Drivers who test positive for drugs are three times more likely than those who test negative to be involved in a deadly car accident, a new study finds.
Using drugs and alcohol together dramatically increases the risk of a fatal crash, according to researchers at Columbia University. People who test positive for both alcohol and drugs have a 23-fold increased risk, HealthDay reports.
The study analyzed the results of roadside surveys of drug and alcohol use by drivers. The researchers found almost 32 percent of drivers involved in fatal accidents, and about 14 percent of drivers not involved in such accidents, tested positive for at least one drug. Depressants were most likely to be associated with deadly accidents, followed by stimulants, narcotics and marijuana, the article notes.
About 9 percent of drivers overall, and 57 percent of drivers involved in fatal crashes, had elevated blood alcohol levels. Twenty percent of drivers involved in deadly accidents tested positive for alcohol and one or more drugs, compared with 2 percent of drivers overall.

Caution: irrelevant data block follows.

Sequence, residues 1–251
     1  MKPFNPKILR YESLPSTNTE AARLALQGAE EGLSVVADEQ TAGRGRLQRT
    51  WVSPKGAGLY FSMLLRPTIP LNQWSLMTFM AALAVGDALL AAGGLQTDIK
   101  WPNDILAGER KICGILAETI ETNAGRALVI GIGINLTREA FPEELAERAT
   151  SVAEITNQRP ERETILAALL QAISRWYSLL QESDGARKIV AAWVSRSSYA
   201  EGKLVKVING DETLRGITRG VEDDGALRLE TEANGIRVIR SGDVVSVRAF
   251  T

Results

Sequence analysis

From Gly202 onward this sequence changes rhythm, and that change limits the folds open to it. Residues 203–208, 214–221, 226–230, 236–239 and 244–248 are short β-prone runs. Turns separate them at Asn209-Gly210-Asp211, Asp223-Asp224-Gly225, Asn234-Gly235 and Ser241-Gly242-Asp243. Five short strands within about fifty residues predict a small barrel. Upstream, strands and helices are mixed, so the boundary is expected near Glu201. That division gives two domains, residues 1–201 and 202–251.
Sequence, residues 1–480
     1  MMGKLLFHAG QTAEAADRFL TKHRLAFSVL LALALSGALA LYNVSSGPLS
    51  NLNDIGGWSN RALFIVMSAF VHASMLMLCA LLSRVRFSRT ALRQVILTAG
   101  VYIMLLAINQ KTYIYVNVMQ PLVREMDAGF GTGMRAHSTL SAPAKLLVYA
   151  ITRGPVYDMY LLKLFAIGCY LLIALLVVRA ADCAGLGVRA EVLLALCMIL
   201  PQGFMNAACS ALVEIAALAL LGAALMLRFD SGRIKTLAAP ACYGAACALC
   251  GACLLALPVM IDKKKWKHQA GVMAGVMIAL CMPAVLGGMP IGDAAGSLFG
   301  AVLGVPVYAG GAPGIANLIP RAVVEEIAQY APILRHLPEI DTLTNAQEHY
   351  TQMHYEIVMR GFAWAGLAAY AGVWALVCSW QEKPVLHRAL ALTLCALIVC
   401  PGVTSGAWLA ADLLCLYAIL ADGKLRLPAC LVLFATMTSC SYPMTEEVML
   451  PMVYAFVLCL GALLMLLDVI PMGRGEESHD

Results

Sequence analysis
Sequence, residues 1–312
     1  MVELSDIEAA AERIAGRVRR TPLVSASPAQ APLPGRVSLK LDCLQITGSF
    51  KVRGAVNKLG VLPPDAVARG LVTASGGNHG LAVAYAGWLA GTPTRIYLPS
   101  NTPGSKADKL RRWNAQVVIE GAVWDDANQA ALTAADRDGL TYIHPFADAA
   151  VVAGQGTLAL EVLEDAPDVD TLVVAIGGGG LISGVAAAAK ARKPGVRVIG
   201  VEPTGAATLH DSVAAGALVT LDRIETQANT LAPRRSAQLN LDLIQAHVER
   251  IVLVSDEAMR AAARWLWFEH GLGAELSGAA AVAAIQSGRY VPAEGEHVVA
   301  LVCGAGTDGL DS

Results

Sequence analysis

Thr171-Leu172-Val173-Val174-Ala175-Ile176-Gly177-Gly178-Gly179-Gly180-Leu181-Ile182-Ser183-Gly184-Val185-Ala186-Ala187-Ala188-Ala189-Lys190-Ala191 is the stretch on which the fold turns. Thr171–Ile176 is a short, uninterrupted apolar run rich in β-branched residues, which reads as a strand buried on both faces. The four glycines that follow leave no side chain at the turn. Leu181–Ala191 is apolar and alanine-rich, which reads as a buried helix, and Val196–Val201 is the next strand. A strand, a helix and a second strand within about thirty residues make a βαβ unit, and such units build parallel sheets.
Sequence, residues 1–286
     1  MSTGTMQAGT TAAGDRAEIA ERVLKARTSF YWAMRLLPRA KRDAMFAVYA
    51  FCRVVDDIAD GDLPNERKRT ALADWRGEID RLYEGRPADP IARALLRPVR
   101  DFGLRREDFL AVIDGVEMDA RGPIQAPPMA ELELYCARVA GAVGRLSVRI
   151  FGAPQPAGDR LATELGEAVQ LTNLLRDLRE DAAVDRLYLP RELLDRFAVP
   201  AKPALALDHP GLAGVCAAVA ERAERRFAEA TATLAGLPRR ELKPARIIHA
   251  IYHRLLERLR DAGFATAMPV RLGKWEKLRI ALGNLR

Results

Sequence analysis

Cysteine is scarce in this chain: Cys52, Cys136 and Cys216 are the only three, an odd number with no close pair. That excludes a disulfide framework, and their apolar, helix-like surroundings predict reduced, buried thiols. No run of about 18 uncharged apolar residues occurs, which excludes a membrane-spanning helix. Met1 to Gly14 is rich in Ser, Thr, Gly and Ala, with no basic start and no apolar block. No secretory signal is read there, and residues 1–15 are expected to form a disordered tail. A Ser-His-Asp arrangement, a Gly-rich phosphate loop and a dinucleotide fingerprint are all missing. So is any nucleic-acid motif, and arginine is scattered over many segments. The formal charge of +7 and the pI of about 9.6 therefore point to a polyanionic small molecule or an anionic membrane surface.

The findings are published in Accident Analysis and Prevention.
"While alcohol-impaired driving remains the greatest threat to traffic safety, these findings about drugged driving are particularly salient in light of the increases in the availability of prescription stimulants and opioids over the past decade," lead researcher Dr. Guohua Li said in a news release.
The primary concern about drugged driving is clear....it is dangerous. Being under the influence of any drug that acts on the brain and central nervous system impairs a driver's motor skills, reaction time and judgment. Drugged driving puts not only the driver at risk, but also passengers and others who share the road and nearby walkways. Click here to read more.